On Monday, BBC news program The Victoria Derbyshire Programme asked four women in music about the pernicious sexist culture and pervasive sexual assault they'd experienced.

Nina Simone, Bon Jovi, The Moody Blues, The Cars and Dire Straits — along with guitar pioneer Sister Rosetta Tharpe, with an award for early influence — have been named as next year's inductees to the Rock and Roll Hall of Fame in Cleveland.

Charles Bradley, the "Screaming Eagle of Soul," whose late-blossoming career was built on fiery performances that evoked his idol, James Brown, died in Brooklyn on Saturday, Sept. 23, according to a statement by his publicist. In 2016, Bradley was diagnosed with stomach cancer, which spread to his liver. He was 68 yeas old.

Vevo, the music video platform co-owned by the three major labels along with Google's parent company and the Dubai-based Abu Dhabi Media, was the victim of a hack by the prolific group OurMine in the early hours of Friday. The hack was revealed by OurMine in a blog post.

Don Williams, who began a long career in country music as a Nashville songwriter in the early 1970s and who entered the Country Music Hall of Fame in 2010, died today at his home in Alabama following a short illness, a publicist confirmed to NPR. He was 78.

Spotify and other streaming services have begun removing white supremacist content from their platforms, as websites and musicians alike scramble to distance themselves from the white nationalist movement.

In a statement on Wednesday, Spotify blamed the labels and distributors that supply music to its database but said "material that favors hatred or incites violence against race, religion, sexuality or the like is not tolerated by us. Spotify takes immediate action to remove any such material as soon as it has been brought to our attention."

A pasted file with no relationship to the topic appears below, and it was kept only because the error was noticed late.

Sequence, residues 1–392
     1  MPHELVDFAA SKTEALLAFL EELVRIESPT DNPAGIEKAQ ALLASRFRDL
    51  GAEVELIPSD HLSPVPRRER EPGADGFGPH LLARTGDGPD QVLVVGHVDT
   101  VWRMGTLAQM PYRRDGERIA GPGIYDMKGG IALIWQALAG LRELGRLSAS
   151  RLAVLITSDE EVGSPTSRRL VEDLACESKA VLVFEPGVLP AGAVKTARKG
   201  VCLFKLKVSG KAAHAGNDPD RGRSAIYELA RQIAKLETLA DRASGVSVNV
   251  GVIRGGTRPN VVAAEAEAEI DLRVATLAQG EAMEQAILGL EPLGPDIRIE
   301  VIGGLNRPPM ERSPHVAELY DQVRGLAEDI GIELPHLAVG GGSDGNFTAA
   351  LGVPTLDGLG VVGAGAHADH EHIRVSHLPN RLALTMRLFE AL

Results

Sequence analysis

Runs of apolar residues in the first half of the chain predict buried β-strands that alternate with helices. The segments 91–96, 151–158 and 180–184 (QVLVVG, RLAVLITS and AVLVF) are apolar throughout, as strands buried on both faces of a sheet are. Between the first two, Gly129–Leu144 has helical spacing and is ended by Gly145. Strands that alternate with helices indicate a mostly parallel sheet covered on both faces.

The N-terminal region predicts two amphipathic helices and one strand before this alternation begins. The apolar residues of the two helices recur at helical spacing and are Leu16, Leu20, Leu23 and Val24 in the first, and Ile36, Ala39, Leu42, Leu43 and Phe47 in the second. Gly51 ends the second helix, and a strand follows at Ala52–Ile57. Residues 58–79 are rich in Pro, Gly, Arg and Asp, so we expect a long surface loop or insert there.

A Denver jury found fully in pop singer Taylor Swift's favor Monday, delivering a unanimous verdict in a trial over whether she was groped by a former radio host during a Denver meet-and-greet. Wanting the trial to serve as an "example to other women," the star had sought a single dollar in damages, which she was granted.

"Despacito," the worldwide hit from Luis Fonsi and Daddy Yankee which just last week was touted as the most-streamed song to date, has now become the subject of a surprise appropriation by Venezuelan President Nicolás Maduro.

The practice of creating music specifically designed to "succeed" on streaming platforms and playlists swirled into a controversy for Spotify this past weekend, after an article written nearly one year ago was resurfaced in a story that mainly focused on how some people are financially "gaming" the Spotify system.